- Guide those seeking TAG review, some of whom may be new to the standards process, to improve their specifications.
Having worn all these hats, I can understand and empathize with the needs of designers and developers, authors and implementers, practitioners and academics, putting me in a unique position to help ensure the Web Platform remains consistent, usable, and inclusive.
I have had the privilege of working with Lea in the CSS Working Group, and in the broader web development community for many years. Lea is an expert in the practical real-world-web technologies of the W3C, how they fit together, has put them into practice, has helped contribute to their evolution, directly in specs and in working groups. She’s also a passionate user & developer advocate, both of which I think are excellent for the TAG.Source: https://lists.w3.org/Archives/Member/w3c-ac-forum/2021JanMar/0015.html
One TPAC long ago, several members of the TAG on a recruiting spree went around asking people to run for the TAG. I personally turned them down for multiple reasons (including that I’m only a very poor substitute for David Baron), but it occurred to me recently that there was a candidate that they do
need: Lea Verou.
Lea is one of those elite developers whose technical expertise ranges across the entire Web platform. She doesn’t just use HTML, CSS, JS, and SVG, she pushes the boundaries of what they’re capable of. Meanwhile her authoring experience spans JS libraries to small site design to CSS+HTML print publications, giving her a personal appreciation of a wide variety of use cases.
Unlike most other developers in her class, however, Lea also brings her experience working within W3C as a longtime member of the CSS Working Group.
I’ve seen firsthand that she is capable of participating at the deep and excruciatingly detailed level that we operate here, and that her attention is not just on the feature at hand but also the system and its usability and coherence as a whole. She knows how the standards process works, how use cases and implementation constraints drive our design decisions, and how participation in the arcane discussions at W3C can make a real difference in the future usability of the Web.
I’m recommending her for the TAG because she’s able to bring a perspective that is needed and frequently missing from our technical discussions which so often revolve around implementers, and because elevating her to TAG would give her both the opportunity and the empowerment to bring that perspective to more of our Web technology development here at W3C and beyond.Source: https://lists.w3.org/Archives/Member/w3c-ac-forum/2020OctDec/0055.html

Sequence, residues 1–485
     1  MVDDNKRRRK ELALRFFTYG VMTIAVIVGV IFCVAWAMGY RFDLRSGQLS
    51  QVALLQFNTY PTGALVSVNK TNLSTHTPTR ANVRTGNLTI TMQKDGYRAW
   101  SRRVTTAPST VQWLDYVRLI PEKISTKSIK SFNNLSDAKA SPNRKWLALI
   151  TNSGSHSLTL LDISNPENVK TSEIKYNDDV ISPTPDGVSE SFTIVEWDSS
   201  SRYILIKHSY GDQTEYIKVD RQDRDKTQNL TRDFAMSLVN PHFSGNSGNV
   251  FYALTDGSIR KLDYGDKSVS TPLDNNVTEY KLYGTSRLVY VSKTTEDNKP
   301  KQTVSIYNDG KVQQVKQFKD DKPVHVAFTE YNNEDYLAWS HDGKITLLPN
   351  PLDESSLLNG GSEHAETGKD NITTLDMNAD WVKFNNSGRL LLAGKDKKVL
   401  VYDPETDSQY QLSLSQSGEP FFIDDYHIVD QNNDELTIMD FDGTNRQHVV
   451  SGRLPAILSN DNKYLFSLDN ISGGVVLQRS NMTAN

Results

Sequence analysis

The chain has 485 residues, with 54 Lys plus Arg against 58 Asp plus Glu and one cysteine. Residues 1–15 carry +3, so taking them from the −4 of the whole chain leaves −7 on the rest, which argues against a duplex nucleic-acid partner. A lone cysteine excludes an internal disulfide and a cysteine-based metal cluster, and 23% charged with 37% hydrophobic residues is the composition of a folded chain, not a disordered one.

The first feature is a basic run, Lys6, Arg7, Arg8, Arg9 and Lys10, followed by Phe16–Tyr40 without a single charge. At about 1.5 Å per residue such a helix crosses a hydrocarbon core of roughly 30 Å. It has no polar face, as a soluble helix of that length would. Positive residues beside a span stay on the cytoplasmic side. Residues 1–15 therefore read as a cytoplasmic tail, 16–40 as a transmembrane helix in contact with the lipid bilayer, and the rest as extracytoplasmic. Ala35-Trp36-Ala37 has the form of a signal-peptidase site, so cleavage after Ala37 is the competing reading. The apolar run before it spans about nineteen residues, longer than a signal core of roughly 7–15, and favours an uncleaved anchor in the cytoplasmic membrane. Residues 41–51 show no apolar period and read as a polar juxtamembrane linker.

Bruce Lawson, Opera alumni, world renowned accessibility expert, speaker, author:
Brian Kardell, AC representative for both Open JS Foundation and Igalia:
The OpenJS Foundation is very pleased to nominate and offer our support for Lea Verou to the W3C TAG. We believe that she brings a fresh perspective, diverse background and several kinds of insight that would be exceptionally useful in the TAG’s work.Source: https://www.w3.org/2020/12/07-tag-nominations#lv
Lea Verou is another easy choice for me. Lea brings a really diverse background, set of perspectives and skills to the table. She’s worked for the W3C, she’s a great communicator to developers (this is definitely a great skill in TAG whose outreach is important), she’s worked with small teams, produced a number of popular libraries and helped drive some interesting standards. The OpenJS Foundation was pleased to nominate her, but Frontiers and several others were also supportive. Lea also deserves “high marks”.Source: https://bkardell.com/blog/TAG-2021.html
This content originally appeared on Lea Verou and was authored by Lea Verou